Calendars won’t be replaced by electronic devices in my world anytime soon. I realize my preference is not universally shared, and I don’t consider myself resistant to change. But I believe firmly in the adage, “If it isn’t broken, don’t try to fix it.” For me and other kindred individuals, it’s satisfying and therapeutic writing life’s daily plans on a paper calendar. Not just any calendar will do. It must show an entire month on two pages and open to a flat surface for easy writing. Space allotted for each day must be large enough so details about multiple commitments are legible. The calendar need not be expensive. The past three years I’ve purchased one at the Dollar Store for one dollar plus tax. And it can’t be too big or bulky as I carry it in my purse so it’s readily available for verifying times and dates.
It’s also helpful if it contains extra pages in the front or back to include frequently needed information. And a much smaller layout of a calendar for the following year is necessary. Family and friends, and sometimes-gentle critics sneak a glance at my much-used calendar and make light-hearted critical remarks, asking why I don’t put all that information on my phone. There are two good reasons why I don’t. One, I wouldn’t want to if I could, and two, given my more traditional approach to technology, it’s impossible with the type of phone I have. But even with such obsolete accessories, my personal well-being is not diminished. I almost never miss an event or appointment if it’s on my calendar; and someday, hopefully very, very far in the future, my family will enjoy reading my daily happenings. I’m trusting they will conclude I led a productive, fun, and meaningful life, even minus the latest technological advancements.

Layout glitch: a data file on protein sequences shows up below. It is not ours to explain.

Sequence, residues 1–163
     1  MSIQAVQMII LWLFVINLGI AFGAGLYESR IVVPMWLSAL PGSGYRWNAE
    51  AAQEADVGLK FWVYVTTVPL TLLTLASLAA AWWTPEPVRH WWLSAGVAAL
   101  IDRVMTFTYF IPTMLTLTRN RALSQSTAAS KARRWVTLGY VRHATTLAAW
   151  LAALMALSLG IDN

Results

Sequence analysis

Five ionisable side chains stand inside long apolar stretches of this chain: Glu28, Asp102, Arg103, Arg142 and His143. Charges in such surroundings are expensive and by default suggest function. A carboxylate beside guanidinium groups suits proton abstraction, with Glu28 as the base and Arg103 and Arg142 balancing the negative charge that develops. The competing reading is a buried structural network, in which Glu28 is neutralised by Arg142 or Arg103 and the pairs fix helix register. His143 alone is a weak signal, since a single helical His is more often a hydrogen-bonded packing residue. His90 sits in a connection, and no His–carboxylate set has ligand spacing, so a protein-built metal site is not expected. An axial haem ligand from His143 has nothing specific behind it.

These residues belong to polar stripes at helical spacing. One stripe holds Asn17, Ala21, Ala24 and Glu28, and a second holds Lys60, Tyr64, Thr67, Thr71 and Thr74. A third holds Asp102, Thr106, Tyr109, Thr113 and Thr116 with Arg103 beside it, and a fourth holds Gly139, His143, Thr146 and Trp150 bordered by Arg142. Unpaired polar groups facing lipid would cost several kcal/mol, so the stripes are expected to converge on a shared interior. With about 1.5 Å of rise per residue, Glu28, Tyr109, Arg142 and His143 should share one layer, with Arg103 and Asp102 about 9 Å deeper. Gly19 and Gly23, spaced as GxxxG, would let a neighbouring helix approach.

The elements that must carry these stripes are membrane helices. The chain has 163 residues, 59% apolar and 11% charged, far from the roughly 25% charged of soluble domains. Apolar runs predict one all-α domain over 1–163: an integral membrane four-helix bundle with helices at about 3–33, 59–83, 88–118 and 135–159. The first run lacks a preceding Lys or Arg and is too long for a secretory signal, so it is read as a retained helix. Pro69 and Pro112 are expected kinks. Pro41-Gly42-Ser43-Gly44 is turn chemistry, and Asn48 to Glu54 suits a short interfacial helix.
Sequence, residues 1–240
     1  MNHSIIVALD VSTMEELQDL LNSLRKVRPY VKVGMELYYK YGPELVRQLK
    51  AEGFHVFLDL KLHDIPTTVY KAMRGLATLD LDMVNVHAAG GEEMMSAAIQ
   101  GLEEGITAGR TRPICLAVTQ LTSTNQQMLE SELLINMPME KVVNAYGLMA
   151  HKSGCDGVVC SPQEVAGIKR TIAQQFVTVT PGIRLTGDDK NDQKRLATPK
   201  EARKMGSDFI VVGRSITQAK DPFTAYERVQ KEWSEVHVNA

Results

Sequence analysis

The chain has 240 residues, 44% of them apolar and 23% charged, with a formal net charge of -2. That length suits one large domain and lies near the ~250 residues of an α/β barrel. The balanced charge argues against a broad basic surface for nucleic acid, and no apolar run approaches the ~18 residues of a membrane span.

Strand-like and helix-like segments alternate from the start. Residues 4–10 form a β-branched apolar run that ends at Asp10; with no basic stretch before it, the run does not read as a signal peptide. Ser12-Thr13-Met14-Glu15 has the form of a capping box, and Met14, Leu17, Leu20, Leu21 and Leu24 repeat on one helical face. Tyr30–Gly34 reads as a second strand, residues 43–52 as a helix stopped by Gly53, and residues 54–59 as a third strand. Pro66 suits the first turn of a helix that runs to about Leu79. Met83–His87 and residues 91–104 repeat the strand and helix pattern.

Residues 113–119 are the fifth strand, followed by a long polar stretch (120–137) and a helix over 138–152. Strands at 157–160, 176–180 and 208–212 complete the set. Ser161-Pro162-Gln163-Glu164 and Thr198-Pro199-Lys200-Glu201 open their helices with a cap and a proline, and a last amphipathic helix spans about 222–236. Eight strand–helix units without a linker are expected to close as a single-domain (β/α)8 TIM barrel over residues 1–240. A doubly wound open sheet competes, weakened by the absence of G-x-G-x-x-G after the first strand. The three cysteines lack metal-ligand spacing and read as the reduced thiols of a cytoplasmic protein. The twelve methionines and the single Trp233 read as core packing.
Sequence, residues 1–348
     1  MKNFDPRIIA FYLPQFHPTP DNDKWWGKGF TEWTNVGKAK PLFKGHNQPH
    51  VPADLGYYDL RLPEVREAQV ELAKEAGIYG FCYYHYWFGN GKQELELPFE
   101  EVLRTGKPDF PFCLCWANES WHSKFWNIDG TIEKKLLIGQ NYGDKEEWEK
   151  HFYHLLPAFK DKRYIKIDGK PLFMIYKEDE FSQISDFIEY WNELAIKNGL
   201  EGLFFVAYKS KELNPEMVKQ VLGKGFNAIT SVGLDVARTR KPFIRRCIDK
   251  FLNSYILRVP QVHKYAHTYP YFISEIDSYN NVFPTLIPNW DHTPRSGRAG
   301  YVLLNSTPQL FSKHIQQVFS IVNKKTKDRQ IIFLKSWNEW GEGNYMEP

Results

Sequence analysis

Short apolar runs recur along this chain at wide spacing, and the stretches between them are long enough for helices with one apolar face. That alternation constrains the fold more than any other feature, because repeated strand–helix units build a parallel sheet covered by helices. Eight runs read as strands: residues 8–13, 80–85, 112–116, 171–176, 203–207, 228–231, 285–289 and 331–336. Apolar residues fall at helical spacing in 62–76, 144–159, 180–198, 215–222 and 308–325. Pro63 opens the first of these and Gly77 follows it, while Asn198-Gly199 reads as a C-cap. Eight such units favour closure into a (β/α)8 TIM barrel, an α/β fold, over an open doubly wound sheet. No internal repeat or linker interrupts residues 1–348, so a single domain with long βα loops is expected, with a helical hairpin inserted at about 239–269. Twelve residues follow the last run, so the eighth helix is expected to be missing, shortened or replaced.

The New Year brings a wonderful opportunity to begin life, or at least the next 12 months of it, in pristine fashion. It’s like a clean slate, or calendar, if you will, for noting more new plans. As a sentimental saver, I have a collection of well-used and enjoyed calendars from the late 1960s to the present day. I also have about a dozen of my Mother’s calendars. I truly cherish them. Obviously not every notation is profound or even interesting, but collectively they are a great way of recalling people and places, trips taken, and many other interesting details of life.
In this age of emphasis on minimalizing and doing away with paper, some folks would be bothered by such an accumulation. But my paper treasures are a tidy fit inside two boxes, and I affectionately refer to them as part of my archives. I’m very much aware that someday they may end up in a recycling bin somewhere, and that’s OK. They will have served a useful, even sometimes entertaining purpose for many years, bringing back memories of varied experiences. That’s quite a legacy for spiral bound or stapled and taped pieces of paper.
My family and I are planners, especially of our time together, and 2017’s calendar already has notations for special events and visits. Calendars are charming reminders for me that life is a one-day at a time commitment resulting in a lifetime of accomplishments, activities, duties, and memories.